Here you can see the helmet, chest eagle and belly armour in Snakebite Leather, as I could not find my Beastial Brown. The belt, knees and ankles were given a thin coat of Bleached Bone. It should be about the consistency of skimmed milk, and translucent. Apply it so that you are drawing the brush away from the darkest part, to the highlight. This leaves a translucent gradient, and then deposits pigment on the highlight. Repeat several times until the coat is nice and even. The trick to preventing it from looking chalky is several nice thin coats.

Below you can see the model after several thin coats of Bleached Bone. The photo is a little over exposed, so the highlights are blown out a bit, but you can see how even and smooth the bone is without looking chalky.

Once I have an even transition from the brown to the bone, I start wet blending again. I repeat the translucent layer of bleached bone, and blend in some skull white on the highlight. This is done while the layer of paint is wet, and mixed directly on the model. I let it dry, then do this again with slightly lighter mixes of bleached bone, adding white to my mix every layer. I repeat this for several coats until I have a mix of about 50/50 bone to white on the palette, and finally edge highlight with that specific colour. I then add some spot highlights of pure white on points of interest, like the edge of the belt, the head crest, and the eye surround.

I find the most convincing aged bone effect is done by laying this translucent paint over the darker brown, so that you can almost see the brown through the top layers. If you ever look at dried out bones, say after a BBQ of chicken wings, or ribs, you will see that same effect, as the marrow is almost visible through the bone. 

Of course, changing the base colour will change the tone of the bone, making it look more or less age worn, fresh, wet, dried out, etc. Experiment to your personal taste, but I've had very positive and pleasing results doing the same effect over purple, red, blue, black and grey. Green is a nice option too and gives the subject an almost otherworldly effect. You can also make the bone look fresh by using reddish tones, and then giving the area of deepest undertone a thin gloss varnish, to appear gristly and wet.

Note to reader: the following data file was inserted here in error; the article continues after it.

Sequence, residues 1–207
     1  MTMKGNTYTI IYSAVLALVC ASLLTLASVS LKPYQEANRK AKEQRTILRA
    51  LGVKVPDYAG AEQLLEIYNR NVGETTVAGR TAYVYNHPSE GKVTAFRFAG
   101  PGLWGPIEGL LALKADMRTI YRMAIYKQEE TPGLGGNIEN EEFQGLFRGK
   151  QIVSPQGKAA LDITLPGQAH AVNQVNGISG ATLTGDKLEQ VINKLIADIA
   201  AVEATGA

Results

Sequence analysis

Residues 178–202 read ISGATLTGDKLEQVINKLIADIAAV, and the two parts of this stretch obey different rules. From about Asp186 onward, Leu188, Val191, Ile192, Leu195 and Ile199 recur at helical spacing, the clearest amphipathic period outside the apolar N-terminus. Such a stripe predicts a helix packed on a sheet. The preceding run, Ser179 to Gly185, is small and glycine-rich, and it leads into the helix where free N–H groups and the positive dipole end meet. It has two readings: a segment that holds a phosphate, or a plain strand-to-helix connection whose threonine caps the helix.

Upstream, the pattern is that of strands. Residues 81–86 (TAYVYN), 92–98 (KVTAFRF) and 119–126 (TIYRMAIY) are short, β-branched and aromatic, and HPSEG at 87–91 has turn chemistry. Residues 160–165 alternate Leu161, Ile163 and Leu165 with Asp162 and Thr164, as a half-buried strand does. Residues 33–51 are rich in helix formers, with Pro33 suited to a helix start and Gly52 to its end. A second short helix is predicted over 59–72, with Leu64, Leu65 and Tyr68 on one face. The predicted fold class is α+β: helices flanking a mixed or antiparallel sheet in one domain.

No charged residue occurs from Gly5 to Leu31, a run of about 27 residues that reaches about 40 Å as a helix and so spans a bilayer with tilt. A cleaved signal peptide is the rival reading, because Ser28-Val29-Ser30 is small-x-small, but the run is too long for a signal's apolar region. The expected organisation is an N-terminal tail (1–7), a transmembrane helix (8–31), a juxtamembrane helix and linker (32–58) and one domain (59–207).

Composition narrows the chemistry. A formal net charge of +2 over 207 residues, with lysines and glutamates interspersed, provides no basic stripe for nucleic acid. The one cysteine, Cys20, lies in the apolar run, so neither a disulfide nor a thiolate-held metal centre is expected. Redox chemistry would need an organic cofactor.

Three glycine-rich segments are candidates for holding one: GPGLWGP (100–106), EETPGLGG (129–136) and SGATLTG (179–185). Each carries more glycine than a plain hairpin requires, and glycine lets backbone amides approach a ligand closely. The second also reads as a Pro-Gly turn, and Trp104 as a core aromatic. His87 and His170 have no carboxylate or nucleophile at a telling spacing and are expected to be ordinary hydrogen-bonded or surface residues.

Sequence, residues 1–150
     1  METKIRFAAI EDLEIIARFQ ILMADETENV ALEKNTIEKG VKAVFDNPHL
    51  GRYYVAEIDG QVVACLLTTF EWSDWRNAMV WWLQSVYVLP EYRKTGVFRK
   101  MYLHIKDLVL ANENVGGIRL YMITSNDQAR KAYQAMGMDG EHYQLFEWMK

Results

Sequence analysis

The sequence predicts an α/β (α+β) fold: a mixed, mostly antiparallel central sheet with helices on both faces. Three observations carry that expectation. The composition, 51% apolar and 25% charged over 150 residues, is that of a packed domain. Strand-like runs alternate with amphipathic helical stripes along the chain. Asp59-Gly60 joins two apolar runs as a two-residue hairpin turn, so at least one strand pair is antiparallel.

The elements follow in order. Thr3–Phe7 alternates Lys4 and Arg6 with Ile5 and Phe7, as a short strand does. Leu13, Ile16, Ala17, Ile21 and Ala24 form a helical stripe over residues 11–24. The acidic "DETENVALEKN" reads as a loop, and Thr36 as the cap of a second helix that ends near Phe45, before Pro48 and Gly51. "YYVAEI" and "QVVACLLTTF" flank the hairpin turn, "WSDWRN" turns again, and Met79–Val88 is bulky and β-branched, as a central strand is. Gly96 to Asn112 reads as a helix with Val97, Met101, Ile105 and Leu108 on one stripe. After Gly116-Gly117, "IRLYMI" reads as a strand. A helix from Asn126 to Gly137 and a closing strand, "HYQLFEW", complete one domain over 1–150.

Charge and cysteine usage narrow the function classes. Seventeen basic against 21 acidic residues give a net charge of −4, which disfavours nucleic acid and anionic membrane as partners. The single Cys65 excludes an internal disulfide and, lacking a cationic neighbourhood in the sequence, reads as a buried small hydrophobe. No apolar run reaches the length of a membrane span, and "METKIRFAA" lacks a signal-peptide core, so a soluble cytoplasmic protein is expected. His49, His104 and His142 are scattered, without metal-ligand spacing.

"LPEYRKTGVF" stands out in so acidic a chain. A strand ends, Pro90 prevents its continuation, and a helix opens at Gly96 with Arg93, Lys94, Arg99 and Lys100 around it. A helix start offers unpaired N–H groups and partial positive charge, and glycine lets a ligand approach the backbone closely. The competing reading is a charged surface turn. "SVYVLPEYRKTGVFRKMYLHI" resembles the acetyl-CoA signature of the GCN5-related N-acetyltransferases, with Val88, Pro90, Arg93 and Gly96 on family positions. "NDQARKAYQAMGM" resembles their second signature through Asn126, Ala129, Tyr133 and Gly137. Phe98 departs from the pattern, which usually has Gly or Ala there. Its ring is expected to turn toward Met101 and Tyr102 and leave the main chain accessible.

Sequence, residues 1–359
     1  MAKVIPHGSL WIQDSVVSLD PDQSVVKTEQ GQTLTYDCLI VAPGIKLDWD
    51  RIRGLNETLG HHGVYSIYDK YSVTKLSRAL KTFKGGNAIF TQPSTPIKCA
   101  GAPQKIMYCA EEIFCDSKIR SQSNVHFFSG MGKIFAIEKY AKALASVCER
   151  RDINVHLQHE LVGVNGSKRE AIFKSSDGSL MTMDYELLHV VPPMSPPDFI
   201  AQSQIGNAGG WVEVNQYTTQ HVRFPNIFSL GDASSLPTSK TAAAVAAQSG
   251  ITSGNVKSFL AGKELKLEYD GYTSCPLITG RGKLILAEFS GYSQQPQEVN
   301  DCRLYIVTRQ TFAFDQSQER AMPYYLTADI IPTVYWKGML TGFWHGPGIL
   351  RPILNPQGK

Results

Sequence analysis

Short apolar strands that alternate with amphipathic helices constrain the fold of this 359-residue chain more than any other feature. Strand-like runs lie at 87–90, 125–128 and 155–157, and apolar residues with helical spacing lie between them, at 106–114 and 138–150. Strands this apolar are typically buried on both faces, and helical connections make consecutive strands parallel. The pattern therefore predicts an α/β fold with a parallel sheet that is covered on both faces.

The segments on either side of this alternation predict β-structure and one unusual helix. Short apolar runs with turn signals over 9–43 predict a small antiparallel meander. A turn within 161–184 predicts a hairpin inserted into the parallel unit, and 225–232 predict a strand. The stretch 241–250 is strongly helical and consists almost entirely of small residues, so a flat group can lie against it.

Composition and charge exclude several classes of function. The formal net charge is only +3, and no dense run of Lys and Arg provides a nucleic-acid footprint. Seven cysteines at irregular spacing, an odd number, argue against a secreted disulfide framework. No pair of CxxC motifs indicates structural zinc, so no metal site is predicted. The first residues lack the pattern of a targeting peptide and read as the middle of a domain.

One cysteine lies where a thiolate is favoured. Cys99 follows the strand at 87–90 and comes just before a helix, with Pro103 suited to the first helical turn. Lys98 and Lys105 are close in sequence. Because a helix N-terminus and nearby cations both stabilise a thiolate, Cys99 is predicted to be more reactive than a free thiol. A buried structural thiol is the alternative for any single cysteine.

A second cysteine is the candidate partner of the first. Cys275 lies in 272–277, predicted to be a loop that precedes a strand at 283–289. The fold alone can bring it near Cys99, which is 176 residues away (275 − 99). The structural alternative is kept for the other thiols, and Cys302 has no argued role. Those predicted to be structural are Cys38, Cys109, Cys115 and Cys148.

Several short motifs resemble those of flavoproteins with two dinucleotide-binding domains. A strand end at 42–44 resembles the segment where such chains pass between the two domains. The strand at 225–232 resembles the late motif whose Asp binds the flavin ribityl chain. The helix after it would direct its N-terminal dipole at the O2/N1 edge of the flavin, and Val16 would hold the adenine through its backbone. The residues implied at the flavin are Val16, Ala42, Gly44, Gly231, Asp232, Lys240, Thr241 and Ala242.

That's it for now. I'll continue to update this as I make progress on the model.

Hunker in the Bunker

Today I decided to give my tank brush a workout and settle down to painting some basic scenery.

I have some of the expanded foam scenery released by GW over the years. Until now, it was all unpainted, with just the basic Games Workshop primer coat that was sprayed on at the factory. Getting tired of always playing over the flat light grey and green static grass pieces, I decided to paint up a piece tonight.

Here's the before:

And here's the after:

Since the model was already primed grey, I didn't bother priming it.

I started with scorched earth as a base coat for all the earthworks. I then highlighted it with Khemri Brown, and finally added in some bleached bone and a touch of codex grey for the ultimate highlight.

For the sandbags, I did a heavy drybrush of Snakebite Leather, with some scorched brown brushed into the shadows and crevasses. I then added a touch of Bleached Bone and did a lighter drybrush. Finally, I added a touch more bleached bone for final highlight. I didn't want to go too bold with the highlight as I wanted a darker more weather beaten tone, which I achieved with a light dusting of a pale mix of grey.

The timbers and wood were painted with Scorched Brown, then drybrushed heavily in Khemri Brown, and finally in a mix of Codex Grey and Khemri Brown. I did this to make it appear somewhat aged and weather beaten, as wood tends to turn grey when exposed to extreme elements and time. However, I left some of the brown showing through as I don't want it to appear too old.

The drums, metal beams and plates I painted in Charadon Granite. This is a nice dark olive drab type of green, which highlights nicely with a touch of Bleached Bone mixed in. I followed the same aging method by adding in a light grey, to help keep a similar tone across the weathered elements. I then stippled the metals with light grey, followed by several browns, black, and finally with some metal. This simulates a light rust with some ongoing wear and tear, as though it's an old bunker that sees occassional use.

In order to give it a story to indicate why it sees moderate use, I then proceeded to add scorch and burn marks. Particularly around bullet holes, and especially on the communication console in the corner. I stippled this heavily with black and greys to make it look burned out, with a touch of grey wash to show that it has been abandoned, but not too long ago. I then added some scorch marks in the grass and other areas of the bunker to tell a story of how it might have been attacked with a flamer, or plasma weapon, driving the occupants back.

All and all, this piece only took an hour to paint, and I'm quite pleased with the results, and look forward to the next game where it will surely see some action.

Sunday, June 13, 2010

Terminator Assault Part 3 - Paint Basecoat

For this update I've got the terminator squad in its basic colours blocked out, minus the weapons. I've also got the bases sanded and added some slate so they don't look too plain. When stood next to a contemporary plastic terminator they look very close to scale, so I'm pleased with that!

Anyway, here are a couple of progress pictures:

Hopefully I can get some more paint on these soon.

That's it for now!